The Late Palaeozoic relations between Gondwana and Laurussia
Published:January 01, 2000
W. S. McKerrow, C. Mac Niocaill, P. E. Ahlberg, G. Clayton, C. J. Cleal, R. M. C. Eagar, 2000. "The Late Palaeozoic relations between Gondwana and Laurussia", Orogenic Processes: Quantification and Modelling in the Variscan Belt, Wolfgang Franke, Volker Haak, Onno Oncken, David Tanner
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Reconstructions based on biogeography, palaeomagnetism and facies distributions indicate that, in later Palaeozoic time, there were no wide oceans separating the major continents. During the Silurian and Early Devonian time, many oceans became narrower so that only the less mobile animals and plants remained distinct. There were several continental collisions: the Tornquist Sea (between Baltica and Avalonia) closed in Late Ordovician time, the Iapetus Ocean (between Laurentia and the newly merged continents of Baltica and Avalonia) closed in Silurian time, and the Rheic Ocean (between Avalonia and Gondwana and the separate parts of the Armorican Terrane Assemblage) closed (at least partially) towards the end of Early Devonian time. Each of these closures was reflected by migrations of non-marine plants and animals as well as by contemporary deformation. New maps, based on palaeomagnetic and faunal data, indicate that Gondwana was close to Laurussia during the Devonian and Carboniferous periods, with fragments of Bohemia and other parts of the Armorican Terrane Assemblage interspersed between. It follows that, after Early Devonian time, the Variscan oceans of central Europe can never have been very wide. The tectonic evolution of Europe during Devonian and Carboniferous time was thus more comparable with the present-day Mediterranean Sea than with the Pacific Ocean.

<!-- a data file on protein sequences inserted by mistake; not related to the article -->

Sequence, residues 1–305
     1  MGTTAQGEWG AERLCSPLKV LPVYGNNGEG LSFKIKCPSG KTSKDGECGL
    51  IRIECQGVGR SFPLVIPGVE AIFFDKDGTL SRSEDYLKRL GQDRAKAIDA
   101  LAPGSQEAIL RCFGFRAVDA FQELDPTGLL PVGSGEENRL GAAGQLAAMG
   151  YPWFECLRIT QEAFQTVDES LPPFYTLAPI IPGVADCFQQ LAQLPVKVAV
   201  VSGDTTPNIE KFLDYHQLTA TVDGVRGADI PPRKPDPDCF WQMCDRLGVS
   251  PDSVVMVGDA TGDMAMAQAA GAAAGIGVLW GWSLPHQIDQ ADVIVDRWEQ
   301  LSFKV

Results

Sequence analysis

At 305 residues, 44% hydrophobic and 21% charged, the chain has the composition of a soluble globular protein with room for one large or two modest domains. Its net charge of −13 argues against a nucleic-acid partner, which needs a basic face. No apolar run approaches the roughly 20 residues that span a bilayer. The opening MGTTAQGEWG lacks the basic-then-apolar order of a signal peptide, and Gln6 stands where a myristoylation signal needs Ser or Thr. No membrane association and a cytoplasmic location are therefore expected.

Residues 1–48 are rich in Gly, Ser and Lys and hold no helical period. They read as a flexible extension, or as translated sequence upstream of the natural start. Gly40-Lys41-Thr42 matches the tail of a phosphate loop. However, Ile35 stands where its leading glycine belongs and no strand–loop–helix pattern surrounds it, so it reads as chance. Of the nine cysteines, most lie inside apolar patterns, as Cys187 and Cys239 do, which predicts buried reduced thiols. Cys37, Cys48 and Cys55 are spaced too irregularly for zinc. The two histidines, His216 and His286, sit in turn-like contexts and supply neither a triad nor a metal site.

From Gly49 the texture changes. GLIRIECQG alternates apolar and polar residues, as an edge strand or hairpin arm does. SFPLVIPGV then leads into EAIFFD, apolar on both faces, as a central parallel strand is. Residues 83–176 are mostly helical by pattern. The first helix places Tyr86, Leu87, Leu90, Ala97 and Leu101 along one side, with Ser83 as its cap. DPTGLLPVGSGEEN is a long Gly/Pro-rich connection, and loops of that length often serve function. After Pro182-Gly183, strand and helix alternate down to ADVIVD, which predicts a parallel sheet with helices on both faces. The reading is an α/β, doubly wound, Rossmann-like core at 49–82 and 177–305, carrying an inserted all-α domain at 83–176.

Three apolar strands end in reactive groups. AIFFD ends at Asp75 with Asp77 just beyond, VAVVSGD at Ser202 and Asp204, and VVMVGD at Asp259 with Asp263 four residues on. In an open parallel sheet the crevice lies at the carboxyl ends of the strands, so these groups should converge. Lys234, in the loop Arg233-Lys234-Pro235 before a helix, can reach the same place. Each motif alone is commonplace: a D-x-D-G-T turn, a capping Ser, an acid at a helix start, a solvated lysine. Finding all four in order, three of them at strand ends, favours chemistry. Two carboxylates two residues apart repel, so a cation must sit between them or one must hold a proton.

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Orogenic Processes: Quantification and Modelling in the Variscan Belt
Research into the orogenic processes that shaped the continental crust of Europe has a long-standing tradition. Why the need to quantify and model? It is not just satisfactory to identify subduction zones, accretionary prisms, island arcs, extensional collapse and other standard items of the geodynamic menu. Such interpretations need to be quantified: extent and composition of subducted crust, angle and speed of subduction, amount and composition olmelts produced, heat sources for metamorphism. All such interpretations have to conform to first principles, and also to stand the test of quantitative balancing – a concept first developed for the conservation of length or volume in tectonic cross sections. Also in other fields, the correlation of causes and effects and the internal consistency of dynamic models requires a numerical approach.
The present volume combines review articles with reports on recent progress in an attempt to address these aims. There is a foldout map of the region, which locates the main areas of outcrop and tectono-stratigraphic units, and a reassesment of the Palaeozoic time scale permits correlation of tectonic, metamorphic and magmatic events with the sedimentary record of the upper crust.